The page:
What You Should Be Watching (and Maybe NOT Watching): The Oscars Edition

The 2022 Oscars Award ceremony, as most of the world now knows, will be remembered as being marred in controversy. And that’s a shame as it overshadows the celebration of a number of excellent films and milestones in the Academy’s history. Coming off of a two-year downturn due to the global pandemic, the producers sought to shake up the ceremony (little did they know!) as a way to attract a larger audience, given that the viewing audience in 2021 was one of the lowest in history. The Academy and the show’s producers decided to relegate a number of awards to an earlier ceremony in order to focus on the major awards and musical and comedic performances. Additionally, in response to criticism that the nominated films do not reflect the average movie-goer’s taste nor successes at the box office, the producers decided to “crowd source” two awards and recognize a “Fan Favorite” film and an “Oscars’ Cheer Moment” scene award. Those two honors both went to Zack Snyder first for his zombie thriller Army of the Dead and then for a scene from his other 2021 film Justice League, both films that otherwise failed to receive mention at the ceremony.

But none of these changes and the controversy over them will likely be remembered in the wake of the now infamous “Slap” that Will Smith gave to Chris Rock and his verbal assault afterwards—all on live television. Twitter went into overdrive and uncensored clips soon made their way around the world, as viewers expecting a self-congratulatory show from Hollywood found themselves confronting a shocking display of toxic masculinity. Whatever one’s thoughts on The Joke and The Slap are, an assault on live television of a comedian and a standing ovation less than an hour later for Smith upon winning the Best Actor award is shocking and will be remembered and debated for a long time to come.

But sadly, “The Slap” overshadowed not only Smith’s portrayal in King Richard (and his entire body of work which many speculated was the real reason he was heavily favored), but also a number of other films worth watching. Additionally, Jane Campion became the first woman to twice win the award for

Best Director and women directors have now taken this honor two years in a row. Furthermore, the Latinx community in Hollywood had their moments to shine as did a number of black and African-American actors and artists (even if marred by Smith’s assault).

As everyone also probably knows now (if they didn’t turn off the show early), the Best Picture Award was a surprise and went to the film CODA (an acronym for Children of Deaf Parents), which beside being the first film recognizing the hearing-impaired community, was also the first film produced by a streaming service (Apple TV) to win Best Picture. Since the film was a re-make (or re-working) of the 2014 French film La Famille Bélier, which itself was a re-make (or re-working) of the 1996 German film Beyond Silence, it also caused a bit of a debate (is there any originality left in Hollywood? Should re-makes be considered for Best Picture Awards? etc.). I would argue that a more important point to note is that for at least 25 years, excellent films have been made about the hearing-impaired community but are only now being recognized.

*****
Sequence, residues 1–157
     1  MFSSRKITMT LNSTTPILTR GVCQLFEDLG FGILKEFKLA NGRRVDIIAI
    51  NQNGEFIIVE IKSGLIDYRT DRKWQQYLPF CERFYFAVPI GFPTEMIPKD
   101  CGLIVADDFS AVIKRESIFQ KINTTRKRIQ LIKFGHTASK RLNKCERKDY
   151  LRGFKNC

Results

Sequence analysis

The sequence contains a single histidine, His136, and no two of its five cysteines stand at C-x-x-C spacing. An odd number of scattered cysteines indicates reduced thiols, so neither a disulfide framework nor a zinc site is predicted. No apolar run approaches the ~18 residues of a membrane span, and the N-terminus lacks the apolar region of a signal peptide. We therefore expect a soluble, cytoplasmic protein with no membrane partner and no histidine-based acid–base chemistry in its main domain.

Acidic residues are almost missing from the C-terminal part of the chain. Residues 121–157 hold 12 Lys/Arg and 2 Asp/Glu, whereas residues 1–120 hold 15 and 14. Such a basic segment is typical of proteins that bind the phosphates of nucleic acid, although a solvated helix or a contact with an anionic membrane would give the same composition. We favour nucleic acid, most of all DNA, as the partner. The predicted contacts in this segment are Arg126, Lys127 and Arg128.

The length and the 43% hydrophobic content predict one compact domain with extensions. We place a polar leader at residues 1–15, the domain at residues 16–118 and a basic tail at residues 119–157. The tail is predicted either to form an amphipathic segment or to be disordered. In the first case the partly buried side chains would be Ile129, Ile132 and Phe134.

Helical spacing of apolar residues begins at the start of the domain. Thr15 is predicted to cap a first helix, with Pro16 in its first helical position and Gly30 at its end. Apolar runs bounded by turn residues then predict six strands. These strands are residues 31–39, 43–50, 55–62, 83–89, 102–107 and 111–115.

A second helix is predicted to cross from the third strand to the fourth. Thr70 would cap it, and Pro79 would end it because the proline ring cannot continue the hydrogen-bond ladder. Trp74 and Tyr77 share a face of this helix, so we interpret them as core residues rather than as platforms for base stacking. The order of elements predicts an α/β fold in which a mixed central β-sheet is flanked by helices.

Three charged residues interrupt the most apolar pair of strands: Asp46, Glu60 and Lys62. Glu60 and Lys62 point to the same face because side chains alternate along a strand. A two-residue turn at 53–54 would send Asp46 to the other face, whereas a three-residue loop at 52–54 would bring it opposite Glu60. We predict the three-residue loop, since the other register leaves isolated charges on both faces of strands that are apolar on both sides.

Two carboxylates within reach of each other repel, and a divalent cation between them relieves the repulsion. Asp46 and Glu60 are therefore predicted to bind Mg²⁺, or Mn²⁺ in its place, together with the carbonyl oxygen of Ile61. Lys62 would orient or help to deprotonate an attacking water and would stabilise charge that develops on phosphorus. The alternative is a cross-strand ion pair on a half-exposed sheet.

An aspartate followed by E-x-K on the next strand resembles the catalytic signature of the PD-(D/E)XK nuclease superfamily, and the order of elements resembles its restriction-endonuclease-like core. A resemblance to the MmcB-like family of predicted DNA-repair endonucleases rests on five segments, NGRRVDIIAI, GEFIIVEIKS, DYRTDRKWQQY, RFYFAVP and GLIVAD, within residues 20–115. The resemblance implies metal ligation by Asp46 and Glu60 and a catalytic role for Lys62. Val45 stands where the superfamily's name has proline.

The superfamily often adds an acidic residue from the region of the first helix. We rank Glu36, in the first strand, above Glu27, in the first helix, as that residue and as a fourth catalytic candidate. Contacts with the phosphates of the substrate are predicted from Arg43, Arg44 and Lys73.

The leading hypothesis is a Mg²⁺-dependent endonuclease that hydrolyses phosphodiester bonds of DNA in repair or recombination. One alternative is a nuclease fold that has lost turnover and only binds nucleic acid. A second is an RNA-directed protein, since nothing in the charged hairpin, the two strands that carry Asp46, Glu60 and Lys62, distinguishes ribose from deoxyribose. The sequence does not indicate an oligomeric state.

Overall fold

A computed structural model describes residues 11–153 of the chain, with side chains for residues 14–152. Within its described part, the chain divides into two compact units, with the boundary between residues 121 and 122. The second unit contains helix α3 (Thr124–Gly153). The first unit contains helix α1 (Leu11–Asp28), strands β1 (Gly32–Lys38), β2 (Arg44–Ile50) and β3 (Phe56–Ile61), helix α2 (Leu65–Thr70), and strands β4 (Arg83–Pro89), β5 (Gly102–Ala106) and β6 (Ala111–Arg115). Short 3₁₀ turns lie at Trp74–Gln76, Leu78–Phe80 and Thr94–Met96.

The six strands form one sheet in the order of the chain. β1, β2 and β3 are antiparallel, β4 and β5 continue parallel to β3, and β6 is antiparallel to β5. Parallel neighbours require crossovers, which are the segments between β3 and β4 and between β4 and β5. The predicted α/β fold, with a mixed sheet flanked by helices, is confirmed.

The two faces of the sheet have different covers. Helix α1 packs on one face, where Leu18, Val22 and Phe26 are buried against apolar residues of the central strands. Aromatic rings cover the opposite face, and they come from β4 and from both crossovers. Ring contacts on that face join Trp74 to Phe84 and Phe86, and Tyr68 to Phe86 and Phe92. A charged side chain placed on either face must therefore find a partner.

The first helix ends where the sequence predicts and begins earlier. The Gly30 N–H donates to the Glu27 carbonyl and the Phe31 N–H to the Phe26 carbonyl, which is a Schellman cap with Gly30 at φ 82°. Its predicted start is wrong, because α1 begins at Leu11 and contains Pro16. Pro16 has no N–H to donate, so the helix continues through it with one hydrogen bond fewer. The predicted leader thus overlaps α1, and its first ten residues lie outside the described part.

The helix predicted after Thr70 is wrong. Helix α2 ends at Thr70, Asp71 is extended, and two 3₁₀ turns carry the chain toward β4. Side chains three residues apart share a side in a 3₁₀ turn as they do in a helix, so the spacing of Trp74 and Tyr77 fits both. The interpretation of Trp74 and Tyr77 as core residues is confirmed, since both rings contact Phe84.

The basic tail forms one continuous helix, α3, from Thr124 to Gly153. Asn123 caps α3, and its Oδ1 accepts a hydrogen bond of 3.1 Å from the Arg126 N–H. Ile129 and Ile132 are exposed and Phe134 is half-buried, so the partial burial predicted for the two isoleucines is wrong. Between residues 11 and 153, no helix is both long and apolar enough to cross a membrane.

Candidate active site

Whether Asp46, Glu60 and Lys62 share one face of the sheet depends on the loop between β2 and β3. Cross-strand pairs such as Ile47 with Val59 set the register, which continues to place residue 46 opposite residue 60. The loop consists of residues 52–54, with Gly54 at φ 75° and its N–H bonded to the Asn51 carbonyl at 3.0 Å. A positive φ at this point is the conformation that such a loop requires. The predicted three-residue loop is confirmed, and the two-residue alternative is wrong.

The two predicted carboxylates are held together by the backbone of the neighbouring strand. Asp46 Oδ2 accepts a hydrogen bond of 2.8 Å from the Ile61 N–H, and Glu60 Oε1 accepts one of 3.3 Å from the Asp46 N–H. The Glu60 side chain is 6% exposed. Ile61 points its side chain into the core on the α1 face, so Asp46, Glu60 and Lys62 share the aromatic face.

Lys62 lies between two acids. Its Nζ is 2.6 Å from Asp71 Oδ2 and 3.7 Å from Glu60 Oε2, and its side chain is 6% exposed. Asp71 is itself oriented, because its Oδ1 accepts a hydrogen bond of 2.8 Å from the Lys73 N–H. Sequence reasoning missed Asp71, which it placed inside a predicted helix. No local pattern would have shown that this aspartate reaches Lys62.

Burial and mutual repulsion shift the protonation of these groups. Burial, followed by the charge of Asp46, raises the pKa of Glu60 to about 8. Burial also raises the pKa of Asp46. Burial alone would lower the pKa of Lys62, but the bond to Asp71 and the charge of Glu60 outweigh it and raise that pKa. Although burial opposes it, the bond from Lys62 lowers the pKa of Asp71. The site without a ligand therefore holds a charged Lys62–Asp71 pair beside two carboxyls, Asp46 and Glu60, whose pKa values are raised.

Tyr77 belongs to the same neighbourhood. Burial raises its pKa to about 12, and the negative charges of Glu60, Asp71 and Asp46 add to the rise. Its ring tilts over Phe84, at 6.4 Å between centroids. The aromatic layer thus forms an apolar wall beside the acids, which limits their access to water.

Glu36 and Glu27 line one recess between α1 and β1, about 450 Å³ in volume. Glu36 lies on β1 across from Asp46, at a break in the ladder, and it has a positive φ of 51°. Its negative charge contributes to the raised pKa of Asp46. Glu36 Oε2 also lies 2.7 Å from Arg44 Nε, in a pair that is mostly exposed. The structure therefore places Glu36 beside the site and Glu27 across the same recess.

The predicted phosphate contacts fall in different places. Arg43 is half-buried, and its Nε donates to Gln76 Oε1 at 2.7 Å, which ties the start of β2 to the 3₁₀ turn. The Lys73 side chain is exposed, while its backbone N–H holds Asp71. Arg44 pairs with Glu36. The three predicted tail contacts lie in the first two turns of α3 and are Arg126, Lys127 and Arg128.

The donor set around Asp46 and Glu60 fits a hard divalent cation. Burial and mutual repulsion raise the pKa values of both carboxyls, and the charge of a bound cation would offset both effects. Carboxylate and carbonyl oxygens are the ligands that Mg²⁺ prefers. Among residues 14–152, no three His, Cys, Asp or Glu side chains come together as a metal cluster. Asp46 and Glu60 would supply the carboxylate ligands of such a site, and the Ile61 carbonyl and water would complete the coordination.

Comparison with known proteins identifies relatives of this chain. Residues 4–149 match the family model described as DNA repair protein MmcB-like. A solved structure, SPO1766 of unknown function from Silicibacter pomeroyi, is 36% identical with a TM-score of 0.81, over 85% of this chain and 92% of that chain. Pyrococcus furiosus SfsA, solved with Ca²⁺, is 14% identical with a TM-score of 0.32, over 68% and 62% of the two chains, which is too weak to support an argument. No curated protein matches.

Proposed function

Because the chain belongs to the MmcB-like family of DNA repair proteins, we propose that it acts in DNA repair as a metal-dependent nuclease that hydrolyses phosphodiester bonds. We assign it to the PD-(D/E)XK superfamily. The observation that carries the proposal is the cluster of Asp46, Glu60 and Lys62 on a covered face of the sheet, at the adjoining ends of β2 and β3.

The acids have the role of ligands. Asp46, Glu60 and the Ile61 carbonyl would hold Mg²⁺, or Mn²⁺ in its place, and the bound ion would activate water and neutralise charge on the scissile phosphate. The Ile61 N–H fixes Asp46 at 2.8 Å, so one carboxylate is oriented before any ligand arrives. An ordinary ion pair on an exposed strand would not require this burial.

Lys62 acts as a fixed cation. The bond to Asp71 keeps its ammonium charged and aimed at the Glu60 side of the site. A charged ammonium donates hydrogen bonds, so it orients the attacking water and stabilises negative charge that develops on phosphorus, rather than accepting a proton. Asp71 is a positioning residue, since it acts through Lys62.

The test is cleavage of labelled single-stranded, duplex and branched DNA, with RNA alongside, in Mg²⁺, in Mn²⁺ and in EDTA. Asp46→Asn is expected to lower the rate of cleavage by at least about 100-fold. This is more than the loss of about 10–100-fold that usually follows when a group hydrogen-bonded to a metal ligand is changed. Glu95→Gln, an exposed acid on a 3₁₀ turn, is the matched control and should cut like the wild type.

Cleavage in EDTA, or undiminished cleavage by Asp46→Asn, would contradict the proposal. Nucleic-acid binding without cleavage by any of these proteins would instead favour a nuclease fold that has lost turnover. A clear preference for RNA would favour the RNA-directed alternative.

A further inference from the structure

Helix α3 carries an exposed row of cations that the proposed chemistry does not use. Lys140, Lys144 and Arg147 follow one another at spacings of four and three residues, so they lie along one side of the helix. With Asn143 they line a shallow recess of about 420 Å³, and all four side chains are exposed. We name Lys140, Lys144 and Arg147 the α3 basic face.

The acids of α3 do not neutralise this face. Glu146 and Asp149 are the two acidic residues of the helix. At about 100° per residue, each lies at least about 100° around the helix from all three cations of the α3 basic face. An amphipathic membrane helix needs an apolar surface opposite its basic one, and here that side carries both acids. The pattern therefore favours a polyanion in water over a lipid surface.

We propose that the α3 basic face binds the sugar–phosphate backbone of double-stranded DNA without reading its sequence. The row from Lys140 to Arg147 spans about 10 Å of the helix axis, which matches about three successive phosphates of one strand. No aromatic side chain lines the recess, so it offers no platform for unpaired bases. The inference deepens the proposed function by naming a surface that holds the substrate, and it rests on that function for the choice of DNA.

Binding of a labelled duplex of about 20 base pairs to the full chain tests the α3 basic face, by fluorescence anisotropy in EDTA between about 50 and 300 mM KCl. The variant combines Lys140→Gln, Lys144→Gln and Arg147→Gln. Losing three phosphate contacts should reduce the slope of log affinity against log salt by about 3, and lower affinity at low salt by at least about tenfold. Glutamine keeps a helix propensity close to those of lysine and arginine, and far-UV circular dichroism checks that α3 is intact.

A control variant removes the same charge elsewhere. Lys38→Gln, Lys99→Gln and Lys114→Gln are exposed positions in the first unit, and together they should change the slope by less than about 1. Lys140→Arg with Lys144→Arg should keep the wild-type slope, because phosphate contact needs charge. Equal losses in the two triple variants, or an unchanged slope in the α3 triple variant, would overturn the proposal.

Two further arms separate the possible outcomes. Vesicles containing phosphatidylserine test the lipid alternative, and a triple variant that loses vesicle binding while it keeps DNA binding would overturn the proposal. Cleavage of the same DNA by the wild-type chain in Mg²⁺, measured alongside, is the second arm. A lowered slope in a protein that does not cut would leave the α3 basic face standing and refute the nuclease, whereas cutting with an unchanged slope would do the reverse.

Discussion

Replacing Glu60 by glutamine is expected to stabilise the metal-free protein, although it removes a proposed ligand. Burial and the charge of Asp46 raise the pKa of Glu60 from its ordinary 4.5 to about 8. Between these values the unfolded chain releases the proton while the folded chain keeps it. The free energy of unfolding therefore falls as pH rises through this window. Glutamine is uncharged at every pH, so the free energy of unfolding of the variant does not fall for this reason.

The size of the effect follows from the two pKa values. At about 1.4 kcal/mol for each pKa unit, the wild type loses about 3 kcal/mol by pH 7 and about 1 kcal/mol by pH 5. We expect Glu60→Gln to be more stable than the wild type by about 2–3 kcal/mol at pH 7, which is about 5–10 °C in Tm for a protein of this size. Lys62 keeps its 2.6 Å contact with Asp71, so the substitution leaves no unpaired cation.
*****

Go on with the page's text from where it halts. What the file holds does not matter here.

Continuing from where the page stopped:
Additionally, every year now since 2018 an international film has been nominated for Best Picture (or Best Director) in addition to Best International Film (formerly Foreign Language Film). Clearly the Academy has begun to expand its horizons and recognize excellent in filmmaking outside of Hollywood. This is a point that is still lost on come critics in the U.S., as evidenced by a much-discussed New York Times Op-Ed by Ross Douthat. In his essay “We Aren’t Just Watching the Decline of the Oscars. We’re Watching the End of the Movies,” Douthat writes: “Globalization widened the market for Hollywood productions, but the global audience pushed the business toward a simpler style of storytelling that translated more easily across languages and cultures, with less complexity and idiosyncrasy and fewer cultural specifics.” Maybe. But while this year’s crop of films maybe not have been as complex and idiosyncratic as in previous years, we also have to remember that most films released in 2021 were made at the height of the pandemic, with all of the challenges that came with it. However, if one digs deeper and explores not just the Best Picture nominees, but the Best International Film (Drive My Car), Best Documentary Feature (Summer of Soul), Best Live Action Short (The Long Goodbye), or the animated documentary Flee, one finds compelling stories told in boldly cinematic ways. There are still a lot of good feature and documentary films being made, but not just in the U.S. Don’t let the spectacle of one night or the doomsday predictions of pundits fool you into thinking that that the future is only streaming series. There are still lots of quality films being made and hopefully celebrated as well.

By Dr. David Coury

David Coury is a Professor of Humanities (German) and Global Studies and also Co-Director of the Center for Middle East Studies and Partnerships. Additionally, he is the director of the Green Bay Film Society, whose International Film Series screens international and independent films twice a month at the Neville Public Museum. Admission is free and all films are open to the public.

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